Only two teams attempted more fourth-down conversions than Army during this time period, but with fewer successes: Navy and Florida Atlantic, who combined for 83 fourth-down conversions. At the time, who was FAU’s head coach? Lane Kiffin is a college football coach.
When Kiffin earned the offensive coordinator job for Nick Saban at Alabama in 2014, he had already had a complete football life — USC offensive coordinator at 30, Oakland Raiders head coach at 32, dismissed USC head coach at 38. The Tide had become a CAI customer by the conclusion of Kiffin’s three seasons in Tuscaloosa, and he had had the opportunity to examine their materials, immerse himself in their game manuals, and understand just how many of his, and most coaches’, assumptions were wrong.
He immediately came to the conclusion that if and when he was offered another head-coaching position, he would commit to innovation in two ways. First, he’d blend a lot of pro-style principles and modern bells and whistles (motion, etc.) with what he dubbed “Baylor pace,” which was inspired by Baylor’s 85-play-per-game offensive in the early 2010s. Second, when it came to math, he would go all-in. He’d swiftly establish himself as CAI’s most outspoken customer.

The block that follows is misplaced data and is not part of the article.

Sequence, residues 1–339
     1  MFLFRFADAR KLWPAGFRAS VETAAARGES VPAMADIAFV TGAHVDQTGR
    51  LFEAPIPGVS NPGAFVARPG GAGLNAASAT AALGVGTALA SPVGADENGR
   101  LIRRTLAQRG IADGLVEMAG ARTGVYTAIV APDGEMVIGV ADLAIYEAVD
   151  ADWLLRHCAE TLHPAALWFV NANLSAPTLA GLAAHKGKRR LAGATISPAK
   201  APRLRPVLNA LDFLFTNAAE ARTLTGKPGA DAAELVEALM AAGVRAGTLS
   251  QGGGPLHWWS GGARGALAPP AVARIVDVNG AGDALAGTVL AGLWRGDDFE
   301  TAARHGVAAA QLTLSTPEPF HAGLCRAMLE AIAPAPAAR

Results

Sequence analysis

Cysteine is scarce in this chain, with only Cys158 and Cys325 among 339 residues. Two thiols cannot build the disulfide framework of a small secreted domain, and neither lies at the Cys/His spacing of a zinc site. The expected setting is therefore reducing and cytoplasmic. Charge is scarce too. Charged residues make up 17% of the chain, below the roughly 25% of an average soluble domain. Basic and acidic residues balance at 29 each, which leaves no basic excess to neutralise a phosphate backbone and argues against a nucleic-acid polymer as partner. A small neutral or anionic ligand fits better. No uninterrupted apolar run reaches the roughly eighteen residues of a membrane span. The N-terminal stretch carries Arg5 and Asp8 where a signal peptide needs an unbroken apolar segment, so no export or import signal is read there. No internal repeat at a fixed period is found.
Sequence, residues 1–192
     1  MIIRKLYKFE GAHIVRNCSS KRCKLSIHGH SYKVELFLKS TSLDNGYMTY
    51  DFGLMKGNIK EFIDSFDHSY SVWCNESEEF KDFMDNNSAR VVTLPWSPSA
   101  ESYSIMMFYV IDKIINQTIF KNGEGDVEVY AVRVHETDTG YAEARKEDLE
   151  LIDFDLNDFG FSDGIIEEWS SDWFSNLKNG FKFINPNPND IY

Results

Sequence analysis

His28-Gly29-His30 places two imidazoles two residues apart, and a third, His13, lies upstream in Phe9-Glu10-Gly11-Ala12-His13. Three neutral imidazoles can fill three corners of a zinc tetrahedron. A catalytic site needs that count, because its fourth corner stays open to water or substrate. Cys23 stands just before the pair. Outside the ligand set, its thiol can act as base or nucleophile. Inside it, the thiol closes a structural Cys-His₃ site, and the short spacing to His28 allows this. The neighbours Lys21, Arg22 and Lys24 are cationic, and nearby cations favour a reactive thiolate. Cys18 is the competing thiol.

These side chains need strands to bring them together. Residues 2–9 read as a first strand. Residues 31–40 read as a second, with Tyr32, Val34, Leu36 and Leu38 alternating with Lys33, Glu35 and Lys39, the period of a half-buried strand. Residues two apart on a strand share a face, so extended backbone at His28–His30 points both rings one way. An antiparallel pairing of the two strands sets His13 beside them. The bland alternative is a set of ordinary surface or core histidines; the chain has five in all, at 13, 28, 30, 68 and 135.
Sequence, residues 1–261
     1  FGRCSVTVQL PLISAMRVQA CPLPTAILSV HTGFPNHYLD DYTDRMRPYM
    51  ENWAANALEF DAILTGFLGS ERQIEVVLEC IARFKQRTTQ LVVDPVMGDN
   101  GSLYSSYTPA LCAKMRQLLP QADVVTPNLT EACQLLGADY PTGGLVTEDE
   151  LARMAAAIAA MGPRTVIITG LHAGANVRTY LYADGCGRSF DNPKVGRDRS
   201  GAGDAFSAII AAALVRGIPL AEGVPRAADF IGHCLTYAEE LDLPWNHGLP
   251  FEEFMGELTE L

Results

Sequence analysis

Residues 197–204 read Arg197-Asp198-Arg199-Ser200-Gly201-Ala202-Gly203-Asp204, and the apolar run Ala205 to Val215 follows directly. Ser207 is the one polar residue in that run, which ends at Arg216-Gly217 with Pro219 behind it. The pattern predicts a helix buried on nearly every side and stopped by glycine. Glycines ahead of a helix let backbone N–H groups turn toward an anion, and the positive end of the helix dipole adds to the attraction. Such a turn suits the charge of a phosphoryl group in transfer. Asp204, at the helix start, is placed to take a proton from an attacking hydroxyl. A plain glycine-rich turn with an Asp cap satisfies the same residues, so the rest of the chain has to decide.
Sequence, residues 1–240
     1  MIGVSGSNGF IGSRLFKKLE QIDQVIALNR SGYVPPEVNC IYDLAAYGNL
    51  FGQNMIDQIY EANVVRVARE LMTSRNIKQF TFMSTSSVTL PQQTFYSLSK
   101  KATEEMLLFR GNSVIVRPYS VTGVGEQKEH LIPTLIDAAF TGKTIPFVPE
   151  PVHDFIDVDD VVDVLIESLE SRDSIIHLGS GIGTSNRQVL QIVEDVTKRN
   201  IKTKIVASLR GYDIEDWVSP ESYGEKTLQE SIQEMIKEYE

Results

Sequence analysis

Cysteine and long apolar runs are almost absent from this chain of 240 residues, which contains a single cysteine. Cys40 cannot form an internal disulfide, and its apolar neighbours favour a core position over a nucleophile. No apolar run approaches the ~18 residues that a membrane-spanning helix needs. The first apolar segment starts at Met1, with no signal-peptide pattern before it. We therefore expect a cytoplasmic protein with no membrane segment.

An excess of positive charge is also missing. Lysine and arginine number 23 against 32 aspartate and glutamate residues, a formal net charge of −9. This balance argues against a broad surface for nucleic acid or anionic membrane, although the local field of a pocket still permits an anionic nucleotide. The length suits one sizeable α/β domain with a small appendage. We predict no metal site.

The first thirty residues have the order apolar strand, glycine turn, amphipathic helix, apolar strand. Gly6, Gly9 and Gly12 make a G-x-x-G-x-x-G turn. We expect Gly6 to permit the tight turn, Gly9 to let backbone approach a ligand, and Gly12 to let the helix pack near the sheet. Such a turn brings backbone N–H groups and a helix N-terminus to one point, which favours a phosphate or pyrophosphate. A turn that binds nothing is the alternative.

Kiffin won a return to the SEC as head coach at Ole Miss after winning two Conference USA championships in three years at FAU, and he has stayed loyal to those early ideals. His Rebels have averaged more snaps (78.9) and fourth-down conversion attempts (3.6) per game than anybody else in the FBS over the last two seasons. When Ole Miss went 4-for-4 on fourth downs against eventual national champion Alabama and had the Tide on the ropes well into the fourth quarter, it worked splendidly. Sometimes it fails in front of all eyes, like when the Rebels went a Chargers-like 2-for-5 against Alabama in 2021, failing on the game’s opening two drives and being blown out.
“In scenarios that people aren’t accustomed to seeing,” Kiffin said, “you’re expected to go for it a lot.” “That makes it difficult because if you don’t understand it, not only does it seem awful, but it looks horrible in front of 100,000 people and on national television, and you’re facing questions from the media afterwards, and the announcers are saying how stupid that is.”